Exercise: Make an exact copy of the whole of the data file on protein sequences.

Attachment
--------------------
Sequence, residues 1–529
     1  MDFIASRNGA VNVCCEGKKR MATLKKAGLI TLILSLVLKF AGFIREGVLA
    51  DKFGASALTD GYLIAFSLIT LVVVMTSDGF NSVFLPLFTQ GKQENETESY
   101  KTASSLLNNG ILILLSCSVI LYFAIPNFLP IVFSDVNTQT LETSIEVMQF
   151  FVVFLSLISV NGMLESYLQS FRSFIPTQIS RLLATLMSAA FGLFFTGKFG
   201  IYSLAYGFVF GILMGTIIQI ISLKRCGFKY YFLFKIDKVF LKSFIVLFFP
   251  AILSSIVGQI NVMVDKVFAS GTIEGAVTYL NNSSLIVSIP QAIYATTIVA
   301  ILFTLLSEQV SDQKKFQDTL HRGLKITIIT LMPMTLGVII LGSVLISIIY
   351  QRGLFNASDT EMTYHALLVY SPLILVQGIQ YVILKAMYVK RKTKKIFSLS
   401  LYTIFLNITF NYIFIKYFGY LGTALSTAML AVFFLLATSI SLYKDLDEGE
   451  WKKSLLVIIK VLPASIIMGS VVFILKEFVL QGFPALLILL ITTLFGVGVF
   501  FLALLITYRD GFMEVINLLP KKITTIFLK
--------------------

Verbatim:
Sequence, residues 1–529
     1  MDFIASRNGA VNVCCEGKKR MATLKKAGLI TLILSLVLKF AGFIREGVLA
    51  DKFGASALTD GYLIAFSLIT LVVVMTSDGF NSVFLPLFTQ GKQENETESY
   101  KTASSLLNNG ILILLSCSVI LYFAIPNFLP IVFSDVNTQT LETSIEVMQF
   151  FVVFLSLISV NGMLESYLQS FRSFIPTQIS RLLATLMSAA FGLFFTGKFG
   201  IYSLAYGFVF GILMGTIIQI ISLKRCGFKY YFLFKIDKVF LKSFIVLFFP
   251  AILSSIVGQI NVMVDKVFAS GTIEGAVTYL NNSSLIVSIP QAIYATTIVA
   301  ILFTLLSEQV SDQKKFQDTL HRGLKITIIT LMPMTLGVII LGSVLISIIY
   351  QRGLFNASDT EMTYHALLVY SPLILVQGIQ YVILKAMYVK RKTKKIFSLS
   401  LYTIFLNITF NYIFIKYFGY LGTALSTAML AVFFLLATSI SLYKDLDEGE
   451  WKKSLLVIIK VLPASIIMGS VVFILKEFVL QGFPALLILL ITTLFGVGVF
   501  FLALLITYRD GFMEVINLLP KKITTIFLK